Brennan’s narrative suggests the interplay between the world of the Roman Catholic church, and that of the outside world. He uses a studied rectilinear format, to separate those in the foreground, below, representing the offspring of poor Italian families, against those above, framed in the formal background of their church entrance. The massive green panelled door, the classically-carved marble, and the solid base of a huge column emphasise such contrasts. The top step divides the religious figures, shaded from the heat in their smart clothes, in the upper part of the image, with the slightly chipped lower steps leading down onto a foreground littered with broken straws, nutshells and orange peel. The ragged children are absorbed in their activity; playing a street-game like skittles or marbles; four walnuts have been arranged in a pyramid and more are being thrown to topple the pile.
Caught up in the uncertainty of their game, the boys focus intently on the little target. Meanwhile the priest and his assistant look ready for a comparatively grand ‘Way of the Cross’ procession, its timing announced by the sign hanging in front of the green curtain, beneath a painted monstrance and chalice. The thurible or censer in which incense is burning, swings from the man’s hand, ready for the occasion. As if just appearing at the door to look for the altar boy, both seem distracted, momentarily by the youthful game. Each is dressed in a cassock covered by a lace trimmed surplus. The way the incense smoke issues back into the church, past the polished chains of the censer, draws attention to their polished shoes with shining buckles.
The flower seller pauses behind the others, with her basket, as if she wandered into the scene, with a distant, ambiguous gaze. Flower sellers were numerous among the poorest street sellers, and their posies were often sold door to door. One pink petal fallen from her basket divides the smallest seated boy, from the altar boy overlooking him. His position on the steps, on the horizontal division between formal from informal, adds ambiguity to the painting’s title, The Acolyte. This meant either ‘an assistant or follower’ (ie the judge in the older boys’ game) or ‘a person assisting a priest in a religious service or procession‘.3 The cobbles invite the viewer’s eye from the girl’s foot, downwards and around, towards the small boy’s. Long shadows point towards him too. On the far left, the next player holds a walnut in his hand, and another behind his back ready for his chance. The skin tones and assorted patches of his clothes, brilliantly lit from behind, are painted with the same impressive detail and care afforded to the altar boy’s buttons and tricorn hat.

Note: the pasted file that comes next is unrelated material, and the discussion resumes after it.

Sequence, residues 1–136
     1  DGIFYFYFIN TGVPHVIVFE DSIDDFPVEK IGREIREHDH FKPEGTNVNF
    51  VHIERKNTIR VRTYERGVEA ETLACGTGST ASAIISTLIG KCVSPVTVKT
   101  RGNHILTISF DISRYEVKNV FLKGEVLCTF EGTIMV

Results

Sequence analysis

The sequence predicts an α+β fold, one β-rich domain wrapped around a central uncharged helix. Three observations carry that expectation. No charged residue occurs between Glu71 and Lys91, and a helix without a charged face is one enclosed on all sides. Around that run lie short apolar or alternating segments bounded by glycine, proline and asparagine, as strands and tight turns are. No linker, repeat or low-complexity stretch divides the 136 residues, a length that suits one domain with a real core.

Dr Claudia Kinmonth MRIA (who thanks Dr Lisa Godson for advice on terminology).
1 Gitta Willemson, The Dublin Society Drawing Schools students and award winners 1746-1876 (Royal Dublin Society, 2000), p.9.
2 W. G. Strickland, A Dictionary of Irish Artists Vol.I A-K (Irish Academic Press, 1913), p.82-4.
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